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March 12, 2017 / molehunter

Pattern analysis of multi component melanoma on dermoscopy

The 2017 South Coast Dermoscopy skin lesion recognition and dermoscopy course has just started with a group of about 75 GPs, dermatology trainees, dermatologists, plastic surgeons, nurses and podiatrists assembling at The Holiday Inn Fareham last Friday.

This is the first case I sent out to our on line case discussion group. I like to put up some easy cases to start with. No plain view to hand. In fact I posted this here a few years back, but never mind, its a nice case.


This is an obvious melanoma, at one glance. Professor Peter Soyer calls this the heuristic method, after ‘Eureka!’ which means ‘I have it!’.  OK, but why is it a melanoma?

Any of the accepted diagnostic methods will get us there. Let’s start with the 2 step algorithm.

step 1: is it melanocytic?  There are brown globules (clods in the new terminology) particularly from 6 to 9 o’clock. Brown globules are a positive feature for melanocytic lesions. Can we see features of any non-melanocytic lesion (i.e. haemangioma, seborrhoeic keratosis, dermatofibroma etc)? No. So it is melanocytic by default and also on positive grounds (brown globules).

step 2; could it be a melanoma? Yes, because of gross asymmetry and multiple patterns and colours. Therefore excision.

The 3 step pathway. In this, we look for asymmetry, blue-white structures, and atypical network. Our lesion here shows the grossest of asymmetry, not so much of shape but of colour and patterns (which are both more important than geometry). We can see blue-white structures (also called blue white veil) and we can also see atypical network, in this case inverse network (the lacy white net-like structure at right and right of centre.) So again positive.

The 7 point check list of Argenziano.  Please click on the link for a discussion of this 7 point check list.  Again, positive. I can see gross asymmetry, irregular dots and globules, blue-white veil, pseudopods (basically a pseudopod is a blob of the end of a streak) an a few other structures.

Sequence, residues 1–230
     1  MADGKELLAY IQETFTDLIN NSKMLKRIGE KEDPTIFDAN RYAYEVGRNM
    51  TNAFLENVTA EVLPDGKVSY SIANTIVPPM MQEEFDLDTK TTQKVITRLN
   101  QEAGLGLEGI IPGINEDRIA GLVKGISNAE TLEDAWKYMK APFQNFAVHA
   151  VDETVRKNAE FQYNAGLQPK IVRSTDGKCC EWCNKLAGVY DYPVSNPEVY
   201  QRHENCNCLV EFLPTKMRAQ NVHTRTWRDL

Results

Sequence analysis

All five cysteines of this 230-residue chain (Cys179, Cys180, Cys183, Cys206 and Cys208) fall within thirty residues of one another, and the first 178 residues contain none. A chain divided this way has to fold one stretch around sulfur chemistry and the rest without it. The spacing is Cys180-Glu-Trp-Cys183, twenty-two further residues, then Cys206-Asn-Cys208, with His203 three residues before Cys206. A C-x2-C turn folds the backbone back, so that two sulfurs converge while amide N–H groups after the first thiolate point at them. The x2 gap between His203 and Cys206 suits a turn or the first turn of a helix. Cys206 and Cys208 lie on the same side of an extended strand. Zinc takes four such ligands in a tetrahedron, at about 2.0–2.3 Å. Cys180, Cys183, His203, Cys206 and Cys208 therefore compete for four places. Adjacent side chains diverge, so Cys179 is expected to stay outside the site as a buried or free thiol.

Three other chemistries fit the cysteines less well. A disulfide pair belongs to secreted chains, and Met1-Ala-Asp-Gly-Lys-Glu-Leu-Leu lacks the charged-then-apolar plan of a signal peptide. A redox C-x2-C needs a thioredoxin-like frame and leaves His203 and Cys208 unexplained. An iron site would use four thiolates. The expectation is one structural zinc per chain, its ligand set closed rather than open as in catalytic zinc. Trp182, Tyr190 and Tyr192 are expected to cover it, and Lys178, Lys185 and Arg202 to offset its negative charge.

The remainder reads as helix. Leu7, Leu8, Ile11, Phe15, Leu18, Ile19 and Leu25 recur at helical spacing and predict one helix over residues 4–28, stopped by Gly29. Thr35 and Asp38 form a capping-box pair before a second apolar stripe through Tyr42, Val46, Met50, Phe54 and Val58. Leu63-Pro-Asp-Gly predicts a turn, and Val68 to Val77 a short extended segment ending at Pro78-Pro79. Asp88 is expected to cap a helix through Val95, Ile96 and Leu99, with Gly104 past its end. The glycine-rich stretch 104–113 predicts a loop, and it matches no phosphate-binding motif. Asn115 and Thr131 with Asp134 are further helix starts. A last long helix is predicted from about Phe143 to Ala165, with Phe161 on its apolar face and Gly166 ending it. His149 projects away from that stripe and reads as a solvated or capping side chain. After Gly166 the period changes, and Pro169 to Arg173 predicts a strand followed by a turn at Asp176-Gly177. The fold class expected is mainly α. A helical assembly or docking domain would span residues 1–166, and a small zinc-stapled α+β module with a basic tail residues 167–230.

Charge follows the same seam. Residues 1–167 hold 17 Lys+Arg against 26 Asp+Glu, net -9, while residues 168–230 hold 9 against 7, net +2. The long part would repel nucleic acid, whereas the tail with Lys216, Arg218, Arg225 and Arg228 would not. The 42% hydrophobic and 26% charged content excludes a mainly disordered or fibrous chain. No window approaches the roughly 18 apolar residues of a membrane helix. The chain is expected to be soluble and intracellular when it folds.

Chaos and clues. This is chaotic as it has many structures and colours all mixed up. Step 2 of ‘chaos and clues’ is, having said ‘yes, chaos’ we look for clues, initially to ask the question ‘Is it a seborrheoic keratosis?’ Plainly not, the lesion lacks the fissured keratin, comedo like openings, milia like cysts, cerebriform appearance or looped vessels we expect to see in a seb k. When we look for melanoma clues, they are abundant (see above link to 7 point check list).

using SCOPE, our own mnemonic, we see no Symmetry, many COlours, many Patterns and odd things happening at the Edge.

The lesson being that whichever algorithm or scoring technique we use, this is a melanoma (as proved on histology, 3.5mm Breslow thickness). Professor Harald Kittler has said that experts learn all the algorithms and then invent their own. Sometimes one is better, sometimes another, sometimes a mixture.

Pattern analysis is defined as the simultaneous evaluation of all dermoscopic features of a lesion. The link takes you to a useful discussion on dermnetnz.


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